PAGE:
By Alan Scherstuhl
By Charles Taylor
By Melissa Anderson
By Inkoo Kang
By Amy Nicholson
By Sam Weisberg
By Stephanie Zacharek
By Chuck Wilson
In cinema's purported Age of Democracy, the herky-jerky aesthetic of the faux-verité drama forgives and even embraces technical roughcasting; most of these art-house staples achieve imitations not of life but of an instantly recognizable (and inexpensive) style. A rarefied exception is the work of Belgium's Dardenne brothers, Luc and Jean-Pierre. These former documentarians shape half-concealed parables out of the messy incongruities and lurching rhythms of real time, but their films can also be distilled into near abstract studies in motion: a young woman's famished job-hunt stampede in Rosetta(1999), a carpenter's stolid march toward a reckoning of his child's death in this year's Cannes prizewinner The Son. Represented in the Walter Reade's Belgian program by The Promise (from 1996), a wrenching moral conundrum set within an immigrant-smuggling ring, the Dardennes exemplify a sociologically engaged realist strain in their nation's recent cinema. The series also offers up a handful of actual documentaries, including Chantal Akerman's latest, From the Other Side, an essay on Mexicans attempting to traverse the Arizona border.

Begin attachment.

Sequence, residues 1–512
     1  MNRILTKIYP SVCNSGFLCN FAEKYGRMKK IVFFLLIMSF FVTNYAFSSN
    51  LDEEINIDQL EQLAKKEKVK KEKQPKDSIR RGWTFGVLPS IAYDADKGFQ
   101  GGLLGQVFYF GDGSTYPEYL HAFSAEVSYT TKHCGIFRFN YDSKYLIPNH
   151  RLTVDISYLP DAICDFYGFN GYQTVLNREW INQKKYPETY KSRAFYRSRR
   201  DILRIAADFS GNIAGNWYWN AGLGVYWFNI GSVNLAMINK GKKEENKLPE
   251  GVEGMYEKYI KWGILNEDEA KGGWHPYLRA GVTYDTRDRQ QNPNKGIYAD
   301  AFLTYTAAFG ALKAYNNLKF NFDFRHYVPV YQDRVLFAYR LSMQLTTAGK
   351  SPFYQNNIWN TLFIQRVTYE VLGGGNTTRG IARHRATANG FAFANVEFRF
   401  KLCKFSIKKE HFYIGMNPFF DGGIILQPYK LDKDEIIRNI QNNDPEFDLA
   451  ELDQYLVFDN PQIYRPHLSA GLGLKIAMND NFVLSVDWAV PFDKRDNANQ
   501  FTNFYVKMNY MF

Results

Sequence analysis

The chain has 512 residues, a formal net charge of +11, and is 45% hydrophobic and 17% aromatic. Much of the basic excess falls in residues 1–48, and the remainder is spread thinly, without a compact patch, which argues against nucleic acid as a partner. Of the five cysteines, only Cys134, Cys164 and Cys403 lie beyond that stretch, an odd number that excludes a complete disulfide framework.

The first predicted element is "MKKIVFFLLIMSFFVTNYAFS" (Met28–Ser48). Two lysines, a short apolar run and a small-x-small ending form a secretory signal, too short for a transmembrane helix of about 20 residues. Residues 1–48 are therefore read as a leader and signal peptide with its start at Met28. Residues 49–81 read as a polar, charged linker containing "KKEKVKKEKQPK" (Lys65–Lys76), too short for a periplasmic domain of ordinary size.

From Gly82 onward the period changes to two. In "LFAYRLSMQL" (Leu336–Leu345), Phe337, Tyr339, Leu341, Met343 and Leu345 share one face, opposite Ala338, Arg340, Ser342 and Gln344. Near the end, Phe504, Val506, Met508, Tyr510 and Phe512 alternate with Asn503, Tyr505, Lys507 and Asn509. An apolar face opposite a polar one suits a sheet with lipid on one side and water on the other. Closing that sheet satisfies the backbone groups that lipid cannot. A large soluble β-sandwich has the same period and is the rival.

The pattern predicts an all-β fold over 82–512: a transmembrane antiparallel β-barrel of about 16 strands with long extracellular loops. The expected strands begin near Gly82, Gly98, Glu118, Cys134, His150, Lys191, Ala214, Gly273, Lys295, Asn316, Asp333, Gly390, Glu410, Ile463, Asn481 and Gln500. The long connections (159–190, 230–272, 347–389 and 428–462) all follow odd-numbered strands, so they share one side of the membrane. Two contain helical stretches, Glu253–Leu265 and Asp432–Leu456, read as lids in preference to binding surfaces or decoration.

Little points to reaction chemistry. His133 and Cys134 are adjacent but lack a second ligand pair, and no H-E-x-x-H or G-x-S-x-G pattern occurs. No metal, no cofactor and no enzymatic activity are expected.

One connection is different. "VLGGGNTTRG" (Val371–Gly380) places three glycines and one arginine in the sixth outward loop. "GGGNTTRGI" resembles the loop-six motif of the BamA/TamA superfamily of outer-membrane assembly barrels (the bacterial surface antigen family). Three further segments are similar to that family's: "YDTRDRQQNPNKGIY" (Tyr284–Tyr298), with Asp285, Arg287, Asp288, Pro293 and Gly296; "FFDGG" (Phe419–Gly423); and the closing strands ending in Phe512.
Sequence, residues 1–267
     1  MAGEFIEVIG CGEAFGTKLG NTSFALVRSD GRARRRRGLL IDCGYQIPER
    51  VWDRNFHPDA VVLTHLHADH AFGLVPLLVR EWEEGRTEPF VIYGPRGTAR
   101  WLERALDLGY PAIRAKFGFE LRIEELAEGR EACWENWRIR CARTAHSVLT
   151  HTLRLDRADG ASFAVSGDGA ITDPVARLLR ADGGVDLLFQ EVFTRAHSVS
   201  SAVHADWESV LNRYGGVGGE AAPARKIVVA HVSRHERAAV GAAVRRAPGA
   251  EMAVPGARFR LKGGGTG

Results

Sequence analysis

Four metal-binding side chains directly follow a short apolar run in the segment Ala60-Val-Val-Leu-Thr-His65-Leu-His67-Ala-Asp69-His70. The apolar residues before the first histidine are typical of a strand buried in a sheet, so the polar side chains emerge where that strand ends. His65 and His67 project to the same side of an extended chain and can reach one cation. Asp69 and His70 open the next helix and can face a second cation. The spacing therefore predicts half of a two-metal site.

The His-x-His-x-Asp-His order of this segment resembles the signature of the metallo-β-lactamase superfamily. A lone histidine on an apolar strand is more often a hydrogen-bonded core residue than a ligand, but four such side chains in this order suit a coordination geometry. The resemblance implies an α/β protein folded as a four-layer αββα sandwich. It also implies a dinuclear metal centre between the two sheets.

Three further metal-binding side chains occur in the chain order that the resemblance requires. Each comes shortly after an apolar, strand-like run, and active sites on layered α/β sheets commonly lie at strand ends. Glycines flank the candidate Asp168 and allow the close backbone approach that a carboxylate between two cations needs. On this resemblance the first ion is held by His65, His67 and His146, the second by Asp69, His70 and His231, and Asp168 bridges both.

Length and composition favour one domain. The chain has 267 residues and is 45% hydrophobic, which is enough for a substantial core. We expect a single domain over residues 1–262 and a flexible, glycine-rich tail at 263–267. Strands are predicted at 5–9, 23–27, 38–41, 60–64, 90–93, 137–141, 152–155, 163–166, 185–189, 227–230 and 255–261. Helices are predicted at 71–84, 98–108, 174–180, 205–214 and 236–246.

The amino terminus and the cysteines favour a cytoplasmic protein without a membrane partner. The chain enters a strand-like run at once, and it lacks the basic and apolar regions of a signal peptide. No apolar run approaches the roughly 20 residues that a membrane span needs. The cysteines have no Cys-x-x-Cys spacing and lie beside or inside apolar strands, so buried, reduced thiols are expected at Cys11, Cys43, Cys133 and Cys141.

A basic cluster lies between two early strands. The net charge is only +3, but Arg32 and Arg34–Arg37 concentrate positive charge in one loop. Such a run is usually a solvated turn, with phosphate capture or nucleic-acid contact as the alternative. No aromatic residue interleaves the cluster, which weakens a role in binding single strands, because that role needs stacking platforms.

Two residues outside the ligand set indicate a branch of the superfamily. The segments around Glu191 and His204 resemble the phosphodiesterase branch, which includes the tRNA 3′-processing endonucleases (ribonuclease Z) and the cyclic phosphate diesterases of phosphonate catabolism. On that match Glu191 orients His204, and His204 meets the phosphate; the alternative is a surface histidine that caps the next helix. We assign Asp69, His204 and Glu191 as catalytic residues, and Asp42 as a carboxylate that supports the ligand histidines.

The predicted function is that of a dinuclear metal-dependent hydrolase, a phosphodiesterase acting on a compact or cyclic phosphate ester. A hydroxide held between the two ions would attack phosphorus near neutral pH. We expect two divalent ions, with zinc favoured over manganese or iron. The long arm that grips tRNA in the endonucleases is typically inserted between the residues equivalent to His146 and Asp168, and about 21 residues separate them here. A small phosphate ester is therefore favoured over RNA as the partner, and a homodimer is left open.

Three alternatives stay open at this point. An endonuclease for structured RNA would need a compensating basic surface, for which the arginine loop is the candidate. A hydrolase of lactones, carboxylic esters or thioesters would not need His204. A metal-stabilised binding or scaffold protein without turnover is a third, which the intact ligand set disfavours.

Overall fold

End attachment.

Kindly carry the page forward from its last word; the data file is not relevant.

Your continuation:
In the opener, Dominique Standaert's Hop, an illegal émigré boy from Burundi finds refuge with a craggy boho couple after his father's arrest. One of Belgium's first digital-video features, Hop is uniformly well actedthe young lead, Kolomba Mbuyi, infuses pre-adolescent swagger with childlike vulnerabilitybut the characters themselves amount to mere binary oppositions: immigrants and anarchists good, everybody else bad.
A hint of gendered finger-wagging can be detected in Meisje and Villa des Roses, which find provincial heroines setting out for the dreamy big city. The Brussels-set Meisje benefits from a quietly plaintive performance by Charlotte Vanden Eynde (a dead ringer for Julia Stiles) as Muriel, a working-class girl with art-historical aspirations. But aiming for feminist frankness, director Dorothée van den Berghe hits non sequiturs insteadfor example, a candid-camera account of Muriel having a pee. (You are there!) Frank van Passel's Villa des Roses also enters a drab chapter into the Smart Women, Foolish Choices handbook, as widowed French maid Julie Delpy moons after a feckless German artist in Paris on the eve of World War I.
Among the films that most overtly mimic the verité patois, Vincent Lannoo's Strass compiles a mockument of a Brussels acting school tyrannized by a sadistic Method chieftain; smug and bewilderingly unfunny, the film comes with the Dogme stamp of approval. Les Enfants de l'Amour, on the other hand, is an intriguing if badly flawed matrix of blurred lines. Director Geoffrey Enthoven originally set out to make a doc about children of divorce, but when the subjects withdrew their participation, his research became the springboard for a fictional weekend-in-the-life: one mother, two fathers, three kids. Swirling, histrionic cameras and the string cheese on the soundtrack do not negate the film's frequent white flashes of insight into the longing, resentment, and anger eating away at each limb of this gnarled treea family at once hopelessly estranged and irrevocably tangled together.
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